Not a word out of place. Well done and to be enjoyed by readers who enjoy action against an almost plausible background. Chapeau!


When the Sacred Ginmill Closes
When the Sacred Ginmill Closes
par Lawrence Block
Edition : Poche
Prix : EUR 6,42

5.0 étoiles sur 5 Total masterpiece, 14 décembre 2012
Ce commentaire fait référence à cette édition : When the Sacred Ginmill Closes (Poche)
Hugely enjoyed Lawrence Block`s 2011 novel `A Drop of the Hard Stuff', which was a 2010 memoire of NY around 1982. It was a long overdue resurrection of his hero Matthew Scudder (MS). This 17th novel about this alcoholic NYPD detective/unlicensed private eye, decades later still battling alcoholism a day at a time, glorified attendance of AA-sessions, keeping close contact with 'sponsors'(=coaches), etc., in addition to telling a great tale.

This novel came out in 1986 and deals with the summer of 1975. Over a decade later, MS retells three crimes committed in 1975: an armed hold-up of an illegal after-hours bar; a bloody murder/robbery in Brooklyn and the theft of a bar's true financial records. Hard-drinking Matt became involved in all three events and received a fee to solve two of the cases. There is a hefty reward for solving the third case... Loving MSs comeback, I found a dusty copy of this novel on my shelves. Whilst the 2011 book is an ode to AA and MS's almost religious, decades-long adherence, attendance and abstinence, this 1986 book reads like a commercial for multinational whiskey- and beer brands. MS is divorced with two small sons, lives in a cheap hotel, always eats out and graces 20+ bars with his presence. But only two or three bars are truly significant: they host his closest friends or contacts.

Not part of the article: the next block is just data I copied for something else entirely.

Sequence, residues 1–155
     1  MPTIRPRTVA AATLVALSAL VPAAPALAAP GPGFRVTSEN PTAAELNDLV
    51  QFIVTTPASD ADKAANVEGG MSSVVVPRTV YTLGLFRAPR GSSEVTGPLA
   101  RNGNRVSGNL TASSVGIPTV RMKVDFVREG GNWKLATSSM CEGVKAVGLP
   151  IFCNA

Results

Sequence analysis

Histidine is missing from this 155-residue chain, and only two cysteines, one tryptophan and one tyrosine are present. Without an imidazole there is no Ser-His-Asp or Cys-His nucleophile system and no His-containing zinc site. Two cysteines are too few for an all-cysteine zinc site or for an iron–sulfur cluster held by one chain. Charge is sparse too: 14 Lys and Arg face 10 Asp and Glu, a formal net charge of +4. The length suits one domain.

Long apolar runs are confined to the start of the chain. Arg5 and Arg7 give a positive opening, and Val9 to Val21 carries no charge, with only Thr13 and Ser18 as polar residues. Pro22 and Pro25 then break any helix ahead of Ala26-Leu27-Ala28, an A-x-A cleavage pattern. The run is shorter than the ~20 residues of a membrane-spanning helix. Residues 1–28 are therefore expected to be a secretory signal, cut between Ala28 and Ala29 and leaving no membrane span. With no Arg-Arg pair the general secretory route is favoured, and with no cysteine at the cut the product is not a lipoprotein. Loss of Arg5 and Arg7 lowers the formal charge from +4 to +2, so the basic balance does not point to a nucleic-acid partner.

MSs' quest suffers from hangovers, short-term memory loss and missing clues he would not have missed earlier. He realizes he cannot go on drinking how he does, before making one breakthrough after another in the cases under his care... What happens in this book is awesomely-well described, full of a languid, sure-footed kind of `flow', well paced and with great dialogue. And plenty of nastiness, crossing of friends and taking the law into one's own hand.
Do not miss this book. And its latest sequel.


Tripwire
Tripwire
par Lee Child
Edition : Poche
Prix : EUR 7,94

1 internaute sur 1 a trouvé ce commentaire utile :
5.0 étoiles sur 5 Not him, not Tom Cruise!, 12 décembre 2012
Ce commentaire fait référence à cette édition : Tripwire (Poche)
In this truly brutal, early book about itinerant ex-MP Jack Reacher (JR)) first published in 1999, the Twin Towers may play a bigger, more atmospheric role than in any other piece of creative writing; hosting 130.000 workers, its sounds and smells provide a powerful backdrop to what follows. Because on the 88th floor of its South Tower, Victor `Hook' Hobie holds court, an evil money man with a blotted-out past, financier of last resort for heirs of struggling family businesses, desperate to bridge a brief cash shortfall at extortionate rates. Not so with Chester Stone IV, whose firm stuck to making 8-mm cameras when video and other technologies made his company obsolete. Hobie is intent on taking over the entire firm within six weeks...

Meanwhile, JR digs up 4 tons of dirt and stones a day in the Florida Keys, creating swimming pools and works evenings as a bouncer. His work has made him top fit, 113 kg of pure muscle, when he becomes aware of being wanted, first by a NY-private eye, then by a duo of NY-gangsters in expensive suits. He denies being JR on both occasions. When he finds the private eye dead, face ruined, finger prints cut off, he flies, a bit guilt-ridden, to NY for some private inquiries.